Pirates Acquire: Ha-Seong Kim
Padres Acquire: Hunter Barco, Dariel Lopez
The San Diego Padres may look to cut payroll, but they're not just going to give away players for free. That, however, still doesn't mean they won't be looking to trade some short-term veterans. One of those players is Ha-Seong Kim, who is controlled through 2024 but would be a near-perfect fit for the Pirates and their infield.
Kim is coming off his best season yet. In 626 plate appearances, Kim batted .260/.351/.398 with 17 home runs. The infielder walked in 12% of his plate appearances while striking out less than 20% of the time (19.8% strikeout rate). He was also a base stealing threat, taking 38 bags. Kim finished the season with a .330 wOBA and 112 wRC+. He has gotten better at the plate each and every season since getting to the United States, going from a 71 wRC+ in his 2021 rookie year to 106 last year and 112 this past season.
However, one thing that has maintained consistently since Kim's arrival is his defense. He is one of the best infield defenders in baseball. Kim primarily played second base last year and had +10 defensive runs saved and +7 outs above average. However, he was the Padres' primary shortstop in '22 and had +10 DRS and +7 OAA. He has also played nearly 600 innings at third base in his career and has +9 DRS/+2 OAA.
If the Pirates acquired Kim, they would have arguably the best defensive infield in baseball. Ke'Bryan Hayes at third base, Jared Triolo at first base, and Kim at second would give them three potential Gold Glove winners. Even if Oneil Cruz is the weakest link, so long as he can be at least an average defender, it will be hard for ground balls to get past this group.
Going back, I have the headliner being left-handed pitcher Hunter Barco. Barco returned from Tommy John surgery this past year and pitched well in his brief sample size. In 18.1 innings at the FCL and A-Ball, Barco allowed seven earned runs but didn't allow a single home run, struck out 28 batters, and only allowed six free passes.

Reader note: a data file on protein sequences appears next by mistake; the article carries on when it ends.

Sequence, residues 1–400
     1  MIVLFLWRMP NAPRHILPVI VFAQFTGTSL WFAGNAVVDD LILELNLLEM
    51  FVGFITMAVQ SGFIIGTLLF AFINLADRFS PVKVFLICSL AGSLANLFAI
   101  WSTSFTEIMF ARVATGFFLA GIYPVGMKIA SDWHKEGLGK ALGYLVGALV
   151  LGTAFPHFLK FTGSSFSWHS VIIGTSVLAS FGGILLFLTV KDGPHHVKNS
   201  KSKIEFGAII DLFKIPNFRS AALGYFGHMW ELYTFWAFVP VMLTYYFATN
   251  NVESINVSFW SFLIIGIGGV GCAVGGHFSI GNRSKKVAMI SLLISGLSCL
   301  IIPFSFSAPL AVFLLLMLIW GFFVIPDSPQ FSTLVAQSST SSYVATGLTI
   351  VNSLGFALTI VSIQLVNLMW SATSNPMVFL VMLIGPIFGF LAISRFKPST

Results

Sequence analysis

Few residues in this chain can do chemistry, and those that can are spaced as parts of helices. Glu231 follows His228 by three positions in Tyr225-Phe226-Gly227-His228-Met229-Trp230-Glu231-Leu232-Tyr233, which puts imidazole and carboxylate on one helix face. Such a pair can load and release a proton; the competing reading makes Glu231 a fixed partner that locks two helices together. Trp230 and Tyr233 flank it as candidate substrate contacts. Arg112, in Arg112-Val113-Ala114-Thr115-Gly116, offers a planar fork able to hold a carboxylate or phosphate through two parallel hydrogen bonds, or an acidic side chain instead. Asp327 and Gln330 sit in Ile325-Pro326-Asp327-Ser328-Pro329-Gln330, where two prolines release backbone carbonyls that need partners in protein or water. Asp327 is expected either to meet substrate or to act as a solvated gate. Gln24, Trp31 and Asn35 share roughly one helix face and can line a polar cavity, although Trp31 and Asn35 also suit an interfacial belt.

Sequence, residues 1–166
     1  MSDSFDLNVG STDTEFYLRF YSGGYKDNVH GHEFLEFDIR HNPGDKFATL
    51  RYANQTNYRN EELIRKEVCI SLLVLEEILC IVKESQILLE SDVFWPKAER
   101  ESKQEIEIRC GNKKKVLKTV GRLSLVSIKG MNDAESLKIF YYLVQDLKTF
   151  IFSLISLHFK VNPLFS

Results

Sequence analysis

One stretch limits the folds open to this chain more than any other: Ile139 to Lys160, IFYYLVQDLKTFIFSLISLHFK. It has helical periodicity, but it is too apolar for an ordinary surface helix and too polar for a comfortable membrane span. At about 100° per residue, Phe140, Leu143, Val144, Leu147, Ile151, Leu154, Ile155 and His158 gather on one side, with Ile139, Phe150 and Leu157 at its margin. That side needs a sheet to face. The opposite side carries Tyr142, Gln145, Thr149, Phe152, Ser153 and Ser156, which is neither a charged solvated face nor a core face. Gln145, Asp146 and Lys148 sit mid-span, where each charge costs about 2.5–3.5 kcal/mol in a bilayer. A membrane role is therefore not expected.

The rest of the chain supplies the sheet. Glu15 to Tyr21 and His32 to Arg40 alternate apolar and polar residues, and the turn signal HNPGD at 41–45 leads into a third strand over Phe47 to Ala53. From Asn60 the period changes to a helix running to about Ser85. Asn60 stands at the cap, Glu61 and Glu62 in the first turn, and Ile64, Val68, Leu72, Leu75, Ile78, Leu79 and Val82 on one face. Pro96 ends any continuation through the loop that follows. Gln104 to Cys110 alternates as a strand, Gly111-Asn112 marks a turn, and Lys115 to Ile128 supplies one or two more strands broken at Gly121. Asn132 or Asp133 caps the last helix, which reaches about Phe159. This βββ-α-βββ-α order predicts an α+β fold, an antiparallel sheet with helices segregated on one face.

The Pirates' second-round pick in 2022, Barco is a soft tosser, but the pitch plays above its velocity because of Barco's low arm slot. His best pitch is a slider that comes in with good sweeping action and plus potential. Then there's his changeup, which is another pitch with above-average potential. Barco can throw everything for strikes and hits his spots well.
I also have the Pirates, including Dariel Lopez, in this deal. The infielder missed all of 2023 due to a dislocated knee. But when Lopez last played, he produced solid numbers, including a .286/.329/.476 triple-slash, a .359 wOBA, and 116 wRC+. Lopez had a below-average 25.5% K-rate and a 5% walk rate, but he also hit for above-average power. Lopez also had a decent summer in 2022, owning a 131 wRC+ after the start of June.
Lopez has played all four infield positions. Although he has a solid arm, he is a below-average runner who likely won't be good enough to play up the middle. That leaves first base or third base as his most likely final destination. Still, Lopez has 20-homer potential, regardless of what position he is playing.
The Padres need pitching long-term. Right now, their pitching depth is pretty barren. Joe Musgrove and Yu Darvish are the only pitchers in the majors who are controlled through 2025. The Padres do have some decent pitching prospects, but their best is at least another season away if not two more seasons. They also could use the infield prospect depth that Lopez could provide.
Kim's value is brought down by the fact he only has one year of control remaining, but he's not going to be cheap. Barco is a decent pitching prospect and a former second-round pick out of a good college. He also looked great coming back from Tommy John surgery and didn't look like he skipped a beat after a strong final season at the University of Florida.